If one was to ask any junior faculty member at any research institution what the criteria for tenure are, they would, I am sure, give you pretty much this list – the criteria are not a secret. However, there is obviously a degree of subjectivity that enters when a given committee must judge whether they have been adequately satisfied. This subjectivity can be multiplied because a tenure case is usually put together by a departmental subcommittee, then voted on by the eligible faculty, then passed on to a college of arts and sciences tenure and promotion committee, who try to tear it apart before voting on it and passing it on to the dean, who adds a recommendation and passes it on to the vice chancellor, who makes essentially a final academic judgment, before asking the board of trustees to vote on the case. This is a lot of scrutiny.

One thing that departments can do to reduce the potential volatility in the system is to conduct frequent pre-tenure reviews of junior faculty, which are supposed to alert the department to any potential problems, and to advise the faculty member of any actions they should take in order to strengthen their ultimate tenure case. These are often performed annually, with the third year review being the most important and comprehensive, since it is then when a decision on extending one’s initial three-year contract is taken.

Another way to nurture and support faculty members and to optimize the chance of tenure is to provide research and teaching mentors. This doesn’t mean that a senior faculty member should guide the junior one’s research (one is supposed to be an expert with one’s own research program at that level), but rather to provide someone who can give advice on proposals, and other research-related questions, should they arise. A teaching mentor can sit in on a couple of classes and give detailed feedback regarding pedagogical techniques, class and time management, and grading.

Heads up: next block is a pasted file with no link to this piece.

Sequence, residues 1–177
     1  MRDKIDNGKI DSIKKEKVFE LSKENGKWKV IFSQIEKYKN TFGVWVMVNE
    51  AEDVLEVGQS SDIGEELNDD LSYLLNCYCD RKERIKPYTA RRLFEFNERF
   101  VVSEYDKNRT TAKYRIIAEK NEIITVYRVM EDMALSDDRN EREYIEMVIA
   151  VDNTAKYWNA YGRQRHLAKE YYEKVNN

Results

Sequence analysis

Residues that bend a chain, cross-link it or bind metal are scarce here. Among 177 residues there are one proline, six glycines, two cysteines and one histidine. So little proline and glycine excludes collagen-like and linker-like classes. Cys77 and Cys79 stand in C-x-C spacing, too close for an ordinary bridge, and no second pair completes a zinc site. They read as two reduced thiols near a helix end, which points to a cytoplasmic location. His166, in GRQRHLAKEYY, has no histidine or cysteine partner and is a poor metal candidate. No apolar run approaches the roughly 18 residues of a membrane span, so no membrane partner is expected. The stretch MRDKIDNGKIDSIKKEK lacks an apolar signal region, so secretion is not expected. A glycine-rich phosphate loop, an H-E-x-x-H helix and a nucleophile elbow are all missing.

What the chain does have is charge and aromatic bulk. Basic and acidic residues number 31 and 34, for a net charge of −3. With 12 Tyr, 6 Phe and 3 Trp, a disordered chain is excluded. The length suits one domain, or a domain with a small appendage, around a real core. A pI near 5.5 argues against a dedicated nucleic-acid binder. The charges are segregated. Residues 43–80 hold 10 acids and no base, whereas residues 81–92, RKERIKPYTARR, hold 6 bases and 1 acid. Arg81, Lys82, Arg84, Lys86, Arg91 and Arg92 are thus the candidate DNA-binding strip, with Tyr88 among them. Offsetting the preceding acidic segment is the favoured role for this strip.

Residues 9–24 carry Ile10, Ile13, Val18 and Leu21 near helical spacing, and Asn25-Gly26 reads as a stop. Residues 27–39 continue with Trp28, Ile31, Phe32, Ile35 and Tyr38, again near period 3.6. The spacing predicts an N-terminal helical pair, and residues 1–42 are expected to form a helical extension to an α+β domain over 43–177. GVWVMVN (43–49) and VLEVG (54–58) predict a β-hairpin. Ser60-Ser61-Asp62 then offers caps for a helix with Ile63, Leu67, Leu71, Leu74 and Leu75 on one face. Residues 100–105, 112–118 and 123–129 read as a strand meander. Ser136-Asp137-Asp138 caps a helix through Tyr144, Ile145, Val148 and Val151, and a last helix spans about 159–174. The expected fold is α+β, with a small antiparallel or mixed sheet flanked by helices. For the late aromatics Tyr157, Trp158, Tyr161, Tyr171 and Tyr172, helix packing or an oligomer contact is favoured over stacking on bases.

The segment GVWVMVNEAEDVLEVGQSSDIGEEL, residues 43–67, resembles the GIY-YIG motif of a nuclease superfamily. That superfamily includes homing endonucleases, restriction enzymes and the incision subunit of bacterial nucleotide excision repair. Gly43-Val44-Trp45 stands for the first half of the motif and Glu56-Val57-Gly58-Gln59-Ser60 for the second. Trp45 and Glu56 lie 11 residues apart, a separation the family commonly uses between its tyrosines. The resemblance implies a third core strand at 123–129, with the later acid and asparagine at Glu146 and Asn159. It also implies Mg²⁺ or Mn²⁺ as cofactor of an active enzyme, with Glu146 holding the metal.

In addition, the department Chairperson, typically responsible for service assignments, will often try to make sure that junior faculty members are doing their share (and building an adequate service record), while hopefully not being overburdened with the responsibilities.

So where can things go wrong?

Obviously, some people with sufficient credentials to be hired in the first place turn out to be unable to consistently perform at the standard necessary for a successful research and/or teaching career. Believe it or not, this can happen, although people very infrequently blog about it. I’m not talking about any of our friends here, but I have seen it happen, it is unambiguous, and while unfortunate and upsetting to a department, it is absolutely the right thing to deny tenure to such a person.

But there are obviously other possibilities. To give just one example (because the comment sections of two of our recent posts can provide you with as many others as you might ever need), which is particularly topical, funding sources can become much tighter than on average during the time that a given person is a junior faculty member. That can make number 2 particularly difficult to achieve for those academics who might otherwise manage it (there’s a joke about how clenched one spends much of one’s time as a junior faculty member in there somewhere). There is clearly a good case for taking this into account and, indeed, I have heard this discussed seriously at great universities.

However, one thing that I rarely see mentioned by people, particularly on blogs, is that at many, many fine institutions, physics departments work incredibly hard to make sure they feel they’ve hired the right people, mentor them pretty well, and tenure essentially all of them. As a friend and colleague at a particularly well-known university said to me a year or so ago – “I don’t remember the last time we denied tenure to someone, but it may have been thirty years ago, and we’re pretty happy with that.”